Ecuador: Indigenous Women Speak Out on Abortion Rights

Mujeres celebran la despenalización del aborto

FROM THE EDITORS: Patricia Yallico from ACAPANA hosts the show “Insurrectas,” a show posted regularly on their social media. We are featuring this conversation below with Paolina Vercoutere of the Otavalo people and Ana Cristina Vera of Surkuna, an organization that fights for women’s reproductive and access to abortion rights.

In April of 2021, Ecuador’s Constitutional Court voted 7-2 in favor of decriminalizing abortion in cases of rape. This occurred thanks to a mobilized “green wave” of women who have been fighting for the right to have abortions safely and legally for years. Women in Ecuador who undergo illegal abortions or suffer miscarriages (most of them poor, indigenous, and afro-Ecuadorian women), face up to 2 years in prison, according to a Human Rights Watch report. This issue is already hard to talk about for many, but more so for indigenous and afro-descendant women who have to deal with machismo in their communities and discrimination from the State and society at large. We leave you with this rich conversation.

SOURCE: ACAPANA, English subtitles and transcription by Awasqa.

Fuente: ACAPANA, subtitles in English by Awasqa

– PATRICIA: Do we indigenous women, do we have abortions?
– PAOLINA: We indigenous women have had, are having, and will continue to have abortions.

PATRICIA YALLICO: Abortion is a complex issue to talk about, for many reasons: political short-sightedness, the moralism of the inquisition, ignorance, and the most fraught with danger, structural machismo. In 2021, women still don’t have the right to decide over our own bodies. The church, backward education, and a large section of Congress insist on wanting to make decisions over our lives. But those of us who have clandestine abortions and are jailed for having clandestine abortions – Black, poor, campesino, marginalized women, and yes, indigenous women, we also have abortions – we are raped by priests, pastors, the police, an uncle, a cousin, a friend, a boyfriend. All of them rape us… and remain silent. But we won’t remain silent anymore. For today’s Insurrectas show, we are joined by Paolina Vercoutere of the Otavalo people, and Ana Cristina Vera of Surkuna. Welcome!

Ana Cris, what happened with women in Ecuador? What happened with the abortion rights process we’ve been going through for a while now?

ANA CRISTINA VERA: The Constitutional Court decided it was unconstitutional to criminalize and jail women and girls, or anyone who can become pregnant, victims of sexual violence. That is, for those who decide to end a pregnancy as a result of this violence. So abortion was decriminalized in cases of rape, which is great news because we’ll be able to guarantee the rights of victims and survivors of sexual violence, which had been denied historically.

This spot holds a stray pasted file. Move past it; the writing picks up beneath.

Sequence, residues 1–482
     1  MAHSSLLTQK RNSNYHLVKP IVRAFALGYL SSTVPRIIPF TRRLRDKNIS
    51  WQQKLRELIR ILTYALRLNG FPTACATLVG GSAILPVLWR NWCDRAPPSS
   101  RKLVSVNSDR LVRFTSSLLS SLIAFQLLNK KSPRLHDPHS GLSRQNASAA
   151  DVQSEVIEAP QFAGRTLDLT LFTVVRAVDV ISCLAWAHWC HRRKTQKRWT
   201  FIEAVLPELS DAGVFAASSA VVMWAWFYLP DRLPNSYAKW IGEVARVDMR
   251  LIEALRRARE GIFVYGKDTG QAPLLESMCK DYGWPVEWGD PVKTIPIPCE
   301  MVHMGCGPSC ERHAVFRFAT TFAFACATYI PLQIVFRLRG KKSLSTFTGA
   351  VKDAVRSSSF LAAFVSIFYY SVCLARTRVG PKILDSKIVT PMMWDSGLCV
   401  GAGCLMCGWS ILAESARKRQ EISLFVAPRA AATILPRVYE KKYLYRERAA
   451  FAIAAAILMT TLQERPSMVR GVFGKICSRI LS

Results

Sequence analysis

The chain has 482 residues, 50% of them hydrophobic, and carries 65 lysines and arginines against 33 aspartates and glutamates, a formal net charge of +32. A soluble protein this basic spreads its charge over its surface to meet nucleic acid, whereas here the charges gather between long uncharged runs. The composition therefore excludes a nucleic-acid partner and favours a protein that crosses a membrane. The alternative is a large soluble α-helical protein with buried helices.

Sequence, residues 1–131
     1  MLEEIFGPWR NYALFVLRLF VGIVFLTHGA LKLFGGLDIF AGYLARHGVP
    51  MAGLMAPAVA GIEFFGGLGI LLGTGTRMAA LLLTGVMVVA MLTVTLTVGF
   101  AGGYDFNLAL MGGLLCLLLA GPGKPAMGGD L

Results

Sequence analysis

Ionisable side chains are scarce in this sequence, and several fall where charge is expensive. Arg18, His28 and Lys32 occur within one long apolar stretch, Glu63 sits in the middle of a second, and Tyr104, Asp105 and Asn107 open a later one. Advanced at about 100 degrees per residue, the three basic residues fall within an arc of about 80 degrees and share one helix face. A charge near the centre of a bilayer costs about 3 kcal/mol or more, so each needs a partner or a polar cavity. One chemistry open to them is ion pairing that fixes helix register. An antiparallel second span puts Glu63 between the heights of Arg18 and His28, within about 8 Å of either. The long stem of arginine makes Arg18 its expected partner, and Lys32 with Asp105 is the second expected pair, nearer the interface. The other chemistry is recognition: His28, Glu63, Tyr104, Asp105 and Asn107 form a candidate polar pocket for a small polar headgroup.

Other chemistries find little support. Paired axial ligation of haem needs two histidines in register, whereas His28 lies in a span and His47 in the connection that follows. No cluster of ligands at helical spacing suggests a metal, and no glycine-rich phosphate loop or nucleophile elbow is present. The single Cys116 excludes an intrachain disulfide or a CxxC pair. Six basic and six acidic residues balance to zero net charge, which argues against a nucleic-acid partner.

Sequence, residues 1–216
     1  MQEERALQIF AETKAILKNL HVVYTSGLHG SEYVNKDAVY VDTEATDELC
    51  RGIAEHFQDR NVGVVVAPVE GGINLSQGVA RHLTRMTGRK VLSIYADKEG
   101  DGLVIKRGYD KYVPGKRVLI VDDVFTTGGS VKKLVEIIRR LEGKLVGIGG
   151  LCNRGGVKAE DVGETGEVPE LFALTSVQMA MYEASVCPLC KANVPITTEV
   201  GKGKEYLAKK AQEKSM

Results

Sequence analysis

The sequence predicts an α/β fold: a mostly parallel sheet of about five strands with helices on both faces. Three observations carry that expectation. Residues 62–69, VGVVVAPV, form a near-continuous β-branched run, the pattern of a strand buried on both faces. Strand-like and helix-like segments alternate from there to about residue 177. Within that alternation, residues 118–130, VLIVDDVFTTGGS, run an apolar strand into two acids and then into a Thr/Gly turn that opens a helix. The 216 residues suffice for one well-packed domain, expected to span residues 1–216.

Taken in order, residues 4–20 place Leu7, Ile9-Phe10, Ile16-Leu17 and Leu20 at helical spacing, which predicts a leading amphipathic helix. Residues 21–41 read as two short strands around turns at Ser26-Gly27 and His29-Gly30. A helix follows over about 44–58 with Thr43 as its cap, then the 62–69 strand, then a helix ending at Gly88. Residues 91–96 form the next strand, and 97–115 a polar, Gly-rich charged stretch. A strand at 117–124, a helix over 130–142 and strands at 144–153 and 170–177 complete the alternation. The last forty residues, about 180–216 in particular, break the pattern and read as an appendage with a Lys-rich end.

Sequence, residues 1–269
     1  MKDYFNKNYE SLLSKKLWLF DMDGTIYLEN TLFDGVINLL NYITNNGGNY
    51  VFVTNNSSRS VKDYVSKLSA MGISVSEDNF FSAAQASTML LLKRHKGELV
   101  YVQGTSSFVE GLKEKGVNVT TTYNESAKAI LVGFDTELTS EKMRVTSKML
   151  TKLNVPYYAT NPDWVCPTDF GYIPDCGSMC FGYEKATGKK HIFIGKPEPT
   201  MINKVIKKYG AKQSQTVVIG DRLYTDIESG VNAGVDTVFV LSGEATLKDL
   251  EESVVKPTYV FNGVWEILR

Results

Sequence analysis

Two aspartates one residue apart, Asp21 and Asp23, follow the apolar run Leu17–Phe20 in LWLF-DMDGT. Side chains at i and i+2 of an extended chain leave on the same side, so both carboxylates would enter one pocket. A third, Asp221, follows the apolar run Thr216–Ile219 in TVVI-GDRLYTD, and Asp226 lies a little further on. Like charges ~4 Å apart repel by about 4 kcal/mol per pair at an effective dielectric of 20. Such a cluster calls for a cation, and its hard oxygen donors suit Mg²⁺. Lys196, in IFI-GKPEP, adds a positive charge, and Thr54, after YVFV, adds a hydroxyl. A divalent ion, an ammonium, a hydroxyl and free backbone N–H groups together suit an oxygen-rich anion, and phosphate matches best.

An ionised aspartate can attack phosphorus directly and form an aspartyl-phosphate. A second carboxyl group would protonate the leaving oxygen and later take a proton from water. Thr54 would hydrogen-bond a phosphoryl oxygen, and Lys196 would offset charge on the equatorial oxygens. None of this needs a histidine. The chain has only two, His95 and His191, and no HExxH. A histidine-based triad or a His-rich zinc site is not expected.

I think it’s a great historical moment for Ecuador, allowing us also to ask ourselves: what comes next? This is a great, urgent step, but we need to keep organizing and fighting so that this specific legal procedure is made effective for all and in all territories. And for us to keep moving forward.

Our goal is full decriminalization of abortions and other issues as well, such as gender inequality, economic inequality, capitalism, patriarchy… the fight goes on.

PATRICIA: Paoli, do indigenous women, do we have abortions?

PAOLINA VERCOUTERE: We indigenous women have had, are having, and will continue to have abortions because it’s the reality we live in, just like any other women. We probably do it more quietly, perhaps it’s more taboo. We really don’t have any data on this, and that should be considered an issue of redress for us. We want to make it visible. Who are the most vulnerable and in precarious situations? It is often women who live double and triple discrimination because of economic exclusion, poverty, racism, and the machismo that is often deeply embedded in our communities. And many times, people use cultural issues to sugar-coat the pill and avoid discussion about all the violence present in our communities.

Through our facilitation process as a collective, we’ve had to admit, painfully, that we’ve seen many many cases of severe violence many times covered up by the ayllu [family], by the community. What we’re seeing in Ecuador is that we have a voice now, which will help indigenous, racialized, and afro-Ecuadorian women who are the most vulnerable as objects of this violence.

PATRICIA: If we say that abortion is a reality for indigenous, non-indigenous, campesino, black, and everyone else. Is abortion a crime?

ANA CRISTINA: Technically, women who have abortions can be criminalized in our country, unless it’s to save their lives, for health reasons. Or when becoming pregnant after sexual assault. This was only permissible for women with mental disabilities, although within the health causality, we could talk about many issues. We could talk about mental health, social health, amplifying wider public support for abortion.